The truth can be uncomfortable. Sometimes it can give rise to feelings of anger. Truth has the power to change people’s lives, to set them free. But often we are reluctant to embrace the truth. We fear the consequences.
Hannah’s favourite class at school was Peer Communications. It was her safe haven, a place where she didn’t feel threatened, accused or different. Her teacher, Mrs Bradley, invited discussion on a range of topics including bullies, drugs, self-image, relationships…
Suicide was a subject they never discussed in class. Hannah was sure more people than just her had thought about it. Hannah wrote an anonymous note to Mrs Bradley, in which she said,
“Suicide. It’s something I’ve been thinking about. Not too seriously, but I have been thinking about it.”
Mrs Bradley used the note to invite class discussion. The talk centred on what you could do for someone who was feeling suicidal. The answers favoured encouraging social connection or resolving specific issues. On the whole, the answers were superficial. Hannah thought they were sterile. There was some understanding of the issue but the responses were tinged with annoyance. Where were the concern, the compassion, and the commitment? What Hannah was hoping for was some sign that people cared, cared enough to show some empathy. She says,
“Maybe I wanted someone to point the finger at me and say, Hannah. Are you thinking about killing yourself? Please don’t do that, Hannah. Please.”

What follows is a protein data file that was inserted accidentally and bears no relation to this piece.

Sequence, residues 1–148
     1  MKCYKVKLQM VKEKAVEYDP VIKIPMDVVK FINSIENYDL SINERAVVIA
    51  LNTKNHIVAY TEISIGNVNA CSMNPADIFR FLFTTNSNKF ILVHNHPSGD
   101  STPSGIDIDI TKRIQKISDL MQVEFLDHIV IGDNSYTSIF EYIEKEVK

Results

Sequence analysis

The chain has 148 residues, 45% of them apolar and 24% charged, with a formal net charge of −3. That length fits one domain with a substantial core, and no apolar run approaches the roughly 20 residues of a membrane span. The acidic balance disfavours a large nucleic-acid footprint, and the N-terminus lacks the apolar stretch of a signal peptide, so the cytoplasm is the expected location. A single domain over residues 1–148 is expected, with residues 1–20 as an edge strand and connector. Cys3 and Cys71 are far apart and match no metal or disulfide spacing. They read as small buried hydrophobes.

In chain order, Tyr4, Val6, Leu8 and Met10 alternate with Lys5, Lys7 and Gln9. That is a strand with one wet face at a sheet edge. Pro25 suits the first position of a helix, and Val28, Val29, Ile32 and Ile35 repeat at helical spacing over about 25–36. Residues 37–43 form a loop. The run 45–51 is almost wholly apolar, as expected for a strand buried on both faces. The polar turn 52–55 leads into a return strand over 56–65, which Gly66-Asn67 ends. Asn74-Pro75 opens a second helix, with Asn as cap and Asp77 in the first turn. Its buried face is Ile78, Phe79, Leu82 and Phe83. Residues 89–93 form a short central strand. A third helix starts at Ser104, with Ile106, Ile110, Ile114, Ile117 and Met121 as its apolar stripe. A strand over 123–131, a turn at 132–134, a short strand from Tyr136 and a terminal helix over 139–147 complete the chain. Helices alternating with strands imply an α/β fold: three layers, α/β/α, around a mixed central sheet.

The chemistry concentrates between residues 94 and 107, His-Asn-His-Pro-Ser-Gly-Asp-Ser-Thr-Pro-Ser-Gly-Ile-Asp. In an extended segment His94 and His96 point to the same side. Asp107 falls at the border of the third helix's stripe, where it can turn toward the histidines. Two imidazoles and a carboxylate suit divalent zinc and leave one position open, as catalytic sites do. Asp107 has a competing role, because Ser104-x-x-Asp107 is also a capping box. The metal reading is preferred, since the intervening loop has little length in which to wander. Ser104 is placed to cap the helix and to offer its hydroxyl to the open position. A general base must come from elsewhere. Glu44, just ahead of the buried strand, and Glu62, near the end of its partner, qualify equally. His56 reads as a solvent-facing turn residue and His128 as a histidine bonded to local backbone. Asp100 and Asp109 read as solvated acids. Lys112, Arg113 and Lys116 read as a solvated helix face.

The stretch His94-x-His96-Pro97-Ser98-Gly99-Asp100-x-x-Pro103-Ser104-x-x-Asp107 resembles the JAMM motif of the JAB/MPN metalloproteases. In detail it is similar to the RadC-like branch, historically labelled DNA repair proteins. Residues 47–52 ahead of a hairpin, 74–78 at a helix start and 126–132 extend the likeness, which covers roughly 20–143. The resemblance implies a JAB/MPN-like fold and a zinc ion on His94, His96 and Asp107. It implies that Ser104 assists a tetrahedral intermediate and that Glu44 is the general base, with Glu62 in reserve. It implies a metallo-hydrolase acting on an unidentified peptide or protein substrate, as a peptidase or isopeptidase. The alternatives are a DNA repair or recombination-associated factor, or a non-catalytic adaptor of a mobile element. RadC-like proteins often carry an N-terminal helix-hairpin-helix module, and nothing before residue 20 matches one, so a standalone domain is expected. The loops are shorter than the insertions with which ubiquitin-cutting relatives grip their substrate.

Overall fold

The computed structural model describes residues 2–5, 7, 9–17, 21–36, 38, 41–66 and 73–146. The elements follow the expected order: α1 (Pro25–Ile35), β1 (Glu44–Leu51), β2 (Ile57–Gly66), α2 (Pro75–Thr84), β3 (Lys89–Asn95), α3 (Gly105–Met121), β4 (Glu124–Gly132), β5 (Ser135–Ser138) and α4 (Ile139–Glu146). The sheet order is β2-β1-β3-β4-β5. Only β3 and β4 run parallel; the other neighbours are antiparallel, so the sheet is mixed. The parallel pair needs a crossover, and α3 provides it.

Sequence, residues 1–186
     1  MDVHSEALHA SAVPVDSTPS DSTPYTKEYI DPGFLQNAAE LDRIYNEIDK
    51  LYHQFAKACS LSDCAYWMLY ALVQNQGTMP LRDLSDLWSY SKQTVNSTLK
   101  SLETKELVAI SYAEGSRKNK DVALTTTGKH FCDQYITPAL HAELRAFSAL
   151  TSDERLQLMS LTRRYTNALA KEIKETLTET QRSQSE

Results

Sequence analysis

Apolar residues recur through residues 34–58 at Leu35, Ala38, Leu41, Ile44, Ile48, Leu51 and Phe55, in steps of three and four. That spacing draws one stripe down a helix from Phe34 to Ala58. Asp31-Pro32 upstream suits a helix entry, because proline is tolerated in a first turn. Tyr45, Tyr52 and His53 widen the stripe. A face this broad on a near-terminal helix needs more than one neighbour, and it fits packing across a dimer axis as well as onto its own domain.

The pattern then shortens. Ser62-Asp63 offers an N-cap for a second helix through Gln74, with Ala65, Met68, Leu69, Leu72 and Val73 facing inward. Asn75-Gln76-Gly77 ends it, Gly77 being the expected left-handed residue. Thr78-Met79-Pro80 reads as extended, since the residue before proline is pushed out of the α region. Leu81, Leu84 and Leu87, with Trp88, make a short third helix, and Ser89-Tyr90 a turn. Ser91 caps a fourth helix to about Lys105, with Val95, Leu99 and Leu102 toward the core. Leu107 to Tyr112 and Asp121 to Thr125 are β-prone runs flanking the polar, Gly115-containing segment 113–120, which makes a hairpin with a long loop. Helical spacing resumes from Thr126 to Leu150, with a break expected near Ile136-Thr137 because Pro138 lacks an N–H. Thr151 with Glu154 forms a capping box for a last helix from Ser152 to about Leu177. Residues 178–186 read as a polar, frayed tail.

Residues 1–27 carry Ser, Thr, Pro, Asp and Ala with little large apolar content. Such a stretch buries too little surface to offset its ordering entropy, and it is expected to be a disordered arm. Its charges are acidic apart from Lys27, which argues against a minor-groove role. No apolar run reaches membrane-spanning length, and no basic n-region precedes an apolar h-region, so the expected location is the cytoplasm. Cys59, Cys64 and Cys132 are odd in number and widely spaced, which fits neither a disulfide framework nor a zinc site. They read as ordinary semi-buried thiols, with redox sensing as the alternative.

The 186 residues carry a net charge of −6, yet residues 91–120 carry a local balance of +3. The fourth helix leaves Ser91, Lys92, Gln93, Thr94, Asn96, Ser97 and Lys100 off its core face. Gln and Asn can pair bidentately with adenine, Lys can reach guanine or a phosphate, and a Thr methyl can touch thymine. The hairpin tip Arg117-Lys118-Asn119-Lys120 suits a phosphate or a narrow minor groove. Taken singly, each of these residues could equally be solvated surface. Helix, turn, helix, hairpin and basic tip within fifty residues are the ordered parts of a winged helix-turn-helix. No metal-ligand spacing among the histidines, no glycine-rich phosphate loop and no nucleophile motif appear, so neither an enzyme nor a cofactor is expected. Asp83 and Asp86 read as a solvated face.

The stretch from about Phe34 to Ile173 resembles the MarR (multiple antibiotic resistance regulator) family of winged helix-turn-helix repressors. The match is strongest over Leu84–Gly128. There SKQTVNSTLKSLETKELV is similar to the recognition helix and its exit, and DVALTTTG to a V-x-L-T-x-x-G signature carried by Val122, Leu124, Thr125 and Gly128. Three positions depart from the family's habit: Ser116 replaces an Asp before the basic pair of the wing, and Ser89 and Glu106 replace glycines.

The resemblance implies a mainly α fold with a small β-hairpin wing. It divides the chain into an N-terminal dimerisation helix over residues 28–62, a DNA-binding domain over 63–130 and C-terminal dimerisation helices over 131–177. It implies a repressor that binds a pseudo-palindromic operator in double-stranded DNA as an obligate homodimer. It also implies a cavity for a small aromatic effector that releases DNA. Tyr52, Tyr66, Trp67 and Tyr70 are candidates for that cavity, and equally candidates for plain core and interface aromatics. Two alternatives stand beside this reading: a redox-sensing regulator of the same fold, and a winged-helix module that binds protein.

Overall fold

It is easy to disengage with the truth, to know something is true but avoid being tainted by it. We fear association believing that we might be stigmatised. Where are the people who are warring against suicide, who are willing to take up the fight to save lives?
3. Deny the truth
There are several ways of denying the truth. We can turn our back on it. We can hope that if we don’t give it any attention it will go away.
Hannah was done with introspection. She didn’t want to look inside herself anymore. She says,
“I stopped writing in my notebook when I stopped wanting to know myself anymore. If you hear a song that makes you cry and you don’t want to cry anymore you don’t listen to that song anymore. But you can’t get away from yourself. You can’t decide not to see yourself anymore. You can’t decide to turn off the noise in your head.”
And then we can become a barrier to the truth. We can take it upon ourselves to shield others from the truth, to build walls around the truth. Our motivation is perplexing. Is it insecurity, or anxiety, or jealousy, or prejudice that wants to conceal or suppress the truth?
During Peer Communications Mrs Bradley prompted students to write words or encouragement for each other and drop the notes in a bag with the student’s name. Hannah was hurt and confused as her bag was always empty. Hannah discovered that it was Zach, a boy she may have embarrassed in front of his friends, who was taking the notes. It was petty. It was pathetic. It was personal.
Hannah’s response to Zach is also a powerful commentary on our pettiness and selfishness. She says,
“I hope you understand. My world was collapsing. I needed those notes. I needed any hope those notes might have offered. You took that hope away. You decided I didn’t deserve to have it… You stole my paper bag notes of encouragement.”